As they started to think about actually implementing the AI, they hit what will probably be their biggest implementation issue - how to implement pathfinding nodes. The AI will use both pathfinding (navigating paths by travelling from node to node) and steering (avoiding objects in the local vicinity) behaviours, neither of which were used in Aporkalypse, so we're really working from scratch. But the biggest problem of pathfinding is how to set, store and extract the node locations and connections.

We spent a while debating various potential methods. One suggestion was to use the physics engine to store the information. Each node could be created as a physics object, and then nodes could be attached to each other using Ageia's 'joints' method. The physics loading code could be programmed to not load any physics objects with a certain prefix (ie, the pathfinding nodes), and then we could have a different loading module to extract only those particular nodes from the physics model and feed them directly into nodes in the actual code. Daniel was much in favour of this method.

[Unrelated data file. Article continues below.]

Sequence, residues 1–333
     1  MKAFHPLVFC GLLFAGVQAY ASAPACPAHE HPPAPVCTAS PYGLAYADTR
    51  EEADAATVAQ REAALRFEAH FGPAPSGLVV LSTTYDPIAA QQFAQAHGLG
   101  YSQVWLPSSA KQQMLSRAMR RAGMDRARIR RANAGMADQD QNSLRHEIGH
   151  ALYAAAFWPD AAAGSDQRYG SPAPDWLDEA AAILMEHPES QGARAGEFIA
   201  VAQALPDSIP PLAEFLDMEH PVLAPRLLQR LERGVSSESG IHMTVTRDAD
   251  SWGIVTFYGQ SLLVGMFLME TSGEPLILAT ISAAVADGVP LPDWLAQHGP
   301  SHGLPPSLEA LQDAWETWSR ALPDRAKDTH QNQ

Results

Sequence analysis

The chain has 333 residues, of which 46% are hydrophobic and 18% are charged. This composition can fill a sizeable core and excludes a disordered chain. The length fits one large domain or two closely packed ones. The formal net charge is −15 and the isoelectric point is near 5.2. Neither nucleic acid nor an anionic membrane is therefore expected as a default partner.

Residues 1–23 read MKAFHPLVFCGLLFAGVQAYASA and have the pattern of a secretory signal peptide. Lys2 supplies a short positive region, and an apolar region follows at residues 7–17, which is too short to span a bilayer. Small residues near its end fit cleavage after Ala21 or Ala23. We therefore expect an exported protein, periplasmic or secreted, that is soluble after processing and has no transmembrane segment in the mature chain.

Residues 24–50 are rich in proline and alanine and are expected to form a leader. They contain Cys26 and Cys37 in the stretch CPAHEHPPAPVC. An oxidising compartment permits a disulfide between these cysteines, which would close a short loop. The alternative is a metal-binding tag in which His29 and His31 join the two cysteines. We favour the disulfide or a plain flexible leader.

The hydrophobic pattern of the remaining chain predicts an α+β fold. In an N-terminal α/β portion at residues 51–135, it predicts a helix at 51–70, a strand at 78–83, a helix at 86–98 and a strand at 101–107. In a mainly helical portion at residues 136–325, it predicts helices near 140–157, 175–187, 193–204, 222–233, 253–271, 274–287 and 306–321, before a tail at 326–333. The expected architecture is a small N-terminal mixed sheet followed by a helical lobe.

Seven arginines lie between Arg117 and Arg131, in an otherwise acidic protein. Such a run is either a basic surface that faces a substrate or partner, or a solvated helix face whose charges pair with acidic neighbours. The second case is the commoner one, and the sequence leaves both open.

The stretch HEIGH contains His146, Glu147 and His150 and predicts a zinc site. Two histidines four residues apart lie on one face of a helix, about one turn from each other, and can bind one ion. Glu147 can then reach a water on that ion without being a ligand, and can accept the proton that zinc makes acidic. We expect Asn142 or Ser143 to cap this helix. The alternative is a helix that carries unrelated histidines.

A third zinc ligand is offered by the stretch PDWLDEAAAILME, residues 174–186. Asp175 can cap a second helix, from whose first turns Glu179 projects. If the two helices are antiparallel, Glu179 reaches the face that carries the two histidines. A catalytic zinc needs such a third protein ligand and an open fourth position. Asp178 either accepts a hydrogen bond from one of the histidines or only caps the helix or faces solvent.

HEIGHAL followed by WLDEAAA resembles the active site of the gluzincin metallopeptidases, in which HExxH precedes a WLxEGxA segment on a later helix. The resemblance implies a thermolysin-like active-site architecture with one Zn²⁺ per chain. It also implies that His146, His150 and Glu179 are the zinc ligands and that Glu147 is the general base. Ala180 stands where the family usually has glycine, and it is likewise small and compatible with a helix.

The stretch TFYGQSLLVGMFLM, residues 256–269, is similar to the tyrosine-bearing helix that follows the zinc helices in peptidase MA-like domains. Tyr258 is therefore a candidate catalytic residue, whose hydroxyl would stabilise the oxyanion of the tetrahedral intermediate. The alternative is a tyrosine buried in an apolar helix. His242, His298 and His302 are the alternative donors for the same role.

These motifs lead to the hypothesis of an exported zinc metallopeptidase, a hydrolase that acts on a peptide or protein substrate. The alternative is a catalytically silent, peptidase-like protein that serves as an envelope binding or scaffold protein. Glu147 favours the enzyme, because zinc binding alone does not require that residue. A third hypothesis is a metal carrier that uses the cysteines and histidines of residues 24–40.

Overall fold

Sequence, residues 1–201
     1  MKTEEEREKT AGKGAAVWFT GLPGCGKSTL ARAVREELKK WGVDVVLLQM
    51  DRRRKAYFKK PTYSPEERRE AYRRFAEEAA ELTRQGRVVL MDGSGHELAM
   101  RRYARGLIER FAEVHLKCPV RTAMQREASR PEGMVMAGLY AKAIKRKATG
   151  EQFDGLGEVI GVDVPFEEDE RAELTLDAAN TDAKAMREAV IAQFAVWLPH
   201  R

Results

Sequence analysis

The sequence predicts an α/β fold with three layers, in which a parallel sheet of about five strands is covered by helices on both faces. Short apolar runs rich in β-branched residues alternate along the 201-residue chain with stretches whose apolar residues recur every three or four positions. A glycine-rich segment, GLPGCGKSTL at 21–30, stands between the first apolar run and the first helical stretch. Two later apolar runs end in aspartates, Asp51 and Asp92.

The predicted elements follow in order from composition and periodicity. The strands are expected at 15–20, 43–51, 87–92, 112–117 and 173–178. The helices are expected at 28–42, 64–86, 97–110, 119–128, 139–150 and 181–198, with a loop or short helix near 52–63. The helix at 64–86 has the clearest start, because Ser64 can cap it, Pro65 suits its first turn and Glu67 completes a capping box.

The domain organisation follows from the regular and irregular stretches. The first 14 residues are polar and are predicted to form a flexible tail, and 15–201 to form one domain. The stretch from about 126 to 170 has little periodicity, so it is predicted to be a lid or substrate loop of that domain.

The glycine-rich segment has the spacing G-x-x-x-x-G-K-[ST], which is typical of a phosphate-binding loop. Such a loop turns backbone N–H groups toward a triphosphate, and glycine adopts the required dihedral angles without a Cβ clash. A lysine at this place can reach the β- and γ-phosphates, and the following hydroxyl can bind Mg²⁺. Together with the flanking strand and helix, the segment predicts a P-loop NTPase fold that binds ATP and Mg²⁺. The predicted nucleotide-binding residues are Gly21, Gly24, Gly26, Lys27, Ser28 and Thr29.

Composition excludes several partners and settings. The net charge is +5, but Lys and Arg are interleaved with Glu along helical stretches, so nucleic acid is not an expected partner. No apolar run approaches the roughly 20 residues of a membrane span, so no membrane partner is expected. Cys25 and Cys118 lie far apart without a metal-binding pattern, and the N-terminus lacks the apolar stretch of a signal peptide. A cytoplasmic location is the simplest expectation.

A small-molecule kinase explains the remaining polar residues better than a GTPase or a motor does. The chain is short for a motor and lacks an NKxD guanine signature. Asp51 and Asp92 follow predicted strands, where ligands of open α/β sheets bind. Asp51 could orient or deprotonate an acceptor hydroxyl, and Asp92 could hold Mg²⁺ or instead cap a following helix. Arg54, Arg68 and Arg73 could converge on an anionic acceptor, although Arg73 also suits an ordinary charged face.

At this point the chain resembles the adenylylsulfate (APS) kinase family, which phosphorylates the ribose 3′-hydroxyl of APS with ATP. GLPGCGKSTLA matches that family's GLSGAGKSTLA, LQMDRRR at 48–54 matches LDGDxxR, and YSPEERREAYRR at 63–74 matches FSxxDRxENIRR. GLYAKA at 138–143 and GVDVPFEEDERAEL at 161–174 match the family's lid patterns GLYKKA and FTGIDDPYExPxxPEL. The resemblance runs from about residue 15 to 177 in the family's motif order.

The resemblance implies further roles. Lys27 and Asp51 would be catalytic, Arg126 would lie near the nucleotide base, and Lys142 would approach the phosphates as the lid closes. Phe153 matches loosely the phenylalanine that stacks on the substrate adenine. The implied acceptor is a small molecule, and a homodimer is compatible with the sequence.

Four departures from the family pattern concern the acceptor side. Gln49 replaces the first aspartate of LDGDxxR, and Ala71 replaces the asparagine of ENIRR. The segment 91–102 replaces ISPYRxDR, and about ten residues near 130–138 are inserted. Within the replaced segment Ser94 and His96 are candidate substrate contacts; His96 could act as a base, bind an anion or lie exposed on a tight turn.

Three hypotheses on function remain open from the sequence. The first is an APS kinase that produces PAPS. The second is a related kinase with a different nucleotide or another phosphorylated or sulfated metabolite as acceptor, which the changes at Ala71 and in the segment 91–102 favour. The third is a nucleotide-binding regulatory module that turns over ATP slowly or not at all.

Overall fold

The other method that Shane-the-graphics-lecturer-not-the-programmer suggested was using objects in Max to store and connect the nodes, and have a script that extracts that information and then dumps it in a format that the pathfinding loading code can read. I'm in favour of this method over the other one - it would seem sensible to me to keep each section (ie, AI and physics, which are unrelated) discrete, rather than be intertwined unneccessarily.

I'm still not sure how the objects will be connected together, though - hopefully I can corner Shane next week and get him to give me a crash course on how he plans to do it. Some of the graphics students had some interesting ideas - everything from using 'bones' to connect the node objects, to setting connected nodes in consecutive keyframes of an animation.


Well, the design has really started to come together today. We got level 1 even more fleshed out, and made a solid framework for levels 2 and 3. Now we've got all the sections in each level specified, and the order they occur. There's wiggle room, of course - we may end up discovering we've just tried to put too many things in and have to cull some. But I hope not, because I think we could do some serious justice to these ideas, if we get the time.